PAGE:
Originally published in 1981, Andrea Dworkin's nonfiction masterpiece, "Pornography: Men Possessing Women," is one of the most powerful books I have ever read. My local library doesn't own any of Dworkin's work, so in order to get my hands on her prose, I purchased a used copy of this book on Amazon. I am proud to say that this paperback edition of "Pornography" is going on my "own forever" shelf at home. After reading the first fifty pages, I immediately purchased copies of two more of Dworkin' Originally published in 1981, Andrea Dworkin's nonfiction masterpiece, "Pornography: Men Possessing Women," is one of the most powerful books I have ever read. My local library doesn't own any of Dworkin's work, so in order to get my hands on her prose, I purchased a used copy of this book on Amazon. I am proud to say that this paperback edition of "Pornography" is going on my "own forever" shelf at home. After reading the first fifty pages, I immediately purchased copies of two more of Dworkin's books. This woman is amazing. I want to read her entire oeuvre. My one great regret is that I came to this book so late in my life. I wish I'd had this book when I was in middle school. It would have helped me so much to have read this book when I was ten, eleven, or twelve. I'm incredibly grateful to have finally read it at all, at age 39. But it saddens me to know how much this book would have helped me as a child growing up. In July of 2019, when my copy came in the mail, I read this book in about three days. This book healed broken things inside of me. Every page of this book washed over me like healing water poured over my oldest, deepest wounds. Dworkin's insights, wisdom, moral rectitude, solidarity, and global acumen will certainly be utilized in my own work as an author of fiction. The clarity and strength I have already drawn from this book is profound. Andrea Dworkin died in 2005. I'm so very sad that she's gone. I'm so very grateful for her life, and the truth she left behind. All the stars. All the praise for this incredible gift of a book. Highly recommended.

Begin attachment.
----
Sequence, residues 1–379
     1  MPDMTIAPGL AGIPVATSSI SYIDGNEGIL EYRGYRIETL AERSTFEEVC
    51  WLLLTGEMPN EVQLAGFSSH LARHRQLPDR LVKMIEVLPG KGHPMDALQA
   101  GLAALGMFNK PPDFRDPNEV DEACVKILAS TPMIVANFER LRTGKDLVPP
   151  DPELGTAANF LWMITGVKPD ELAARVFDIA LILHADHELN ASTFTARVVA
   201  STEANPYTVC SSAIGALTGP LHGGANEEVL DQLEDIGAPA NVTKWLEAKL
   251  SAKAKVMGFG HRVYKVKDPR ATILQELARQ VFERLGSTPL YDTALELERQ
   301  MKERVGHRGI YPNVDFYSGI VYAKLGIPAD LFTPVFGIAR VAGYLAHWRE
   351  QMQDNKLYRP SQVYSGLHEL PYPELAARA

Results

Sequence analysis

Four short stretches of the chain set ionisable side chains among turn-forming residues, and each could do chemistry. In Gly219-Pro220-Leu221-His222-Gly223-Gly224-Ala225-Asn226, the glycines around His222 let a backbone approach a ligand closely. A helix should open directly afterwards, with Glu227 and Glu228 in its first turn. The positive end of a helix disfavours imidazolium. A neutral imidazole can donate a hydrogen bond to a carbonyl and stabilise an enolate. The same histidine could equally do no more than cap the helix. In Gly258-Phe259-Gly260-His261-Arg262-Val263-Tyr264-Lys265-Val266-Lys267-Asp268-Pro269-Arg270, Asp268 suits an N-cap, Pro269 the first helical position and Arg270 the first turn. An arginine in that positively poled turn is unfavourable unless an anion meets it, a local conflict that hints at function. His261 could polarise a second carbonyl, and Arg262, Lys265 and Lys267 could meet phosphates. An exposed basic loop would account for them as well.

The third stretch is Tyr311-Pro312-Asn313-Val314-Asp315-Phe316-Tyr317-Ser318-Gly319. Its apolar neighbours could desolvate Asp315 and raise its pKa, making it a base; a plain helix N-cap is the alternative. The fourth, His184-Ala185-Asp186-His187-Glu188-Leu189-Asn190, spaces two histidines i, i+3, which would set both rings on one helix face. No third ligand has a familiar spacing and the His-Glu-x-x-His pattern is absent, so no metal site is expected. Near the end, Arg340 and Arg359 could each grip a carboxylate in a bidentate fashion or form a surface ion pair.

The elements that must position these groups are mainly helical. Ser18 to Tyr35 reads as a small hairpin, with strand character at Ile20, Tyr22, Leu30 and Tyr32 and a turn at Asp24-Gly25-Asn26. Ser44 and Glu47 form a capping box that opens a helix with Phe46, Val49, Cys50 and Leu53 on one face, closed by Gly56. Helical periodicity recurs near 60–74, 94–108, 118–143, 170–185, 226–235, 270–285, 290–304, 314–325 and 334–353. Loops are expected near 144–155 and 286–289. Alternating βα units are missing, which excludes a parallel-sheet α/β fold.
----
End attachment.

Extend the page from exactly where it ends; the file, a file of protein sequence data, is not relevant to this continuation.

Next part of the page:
13. 5 out of 5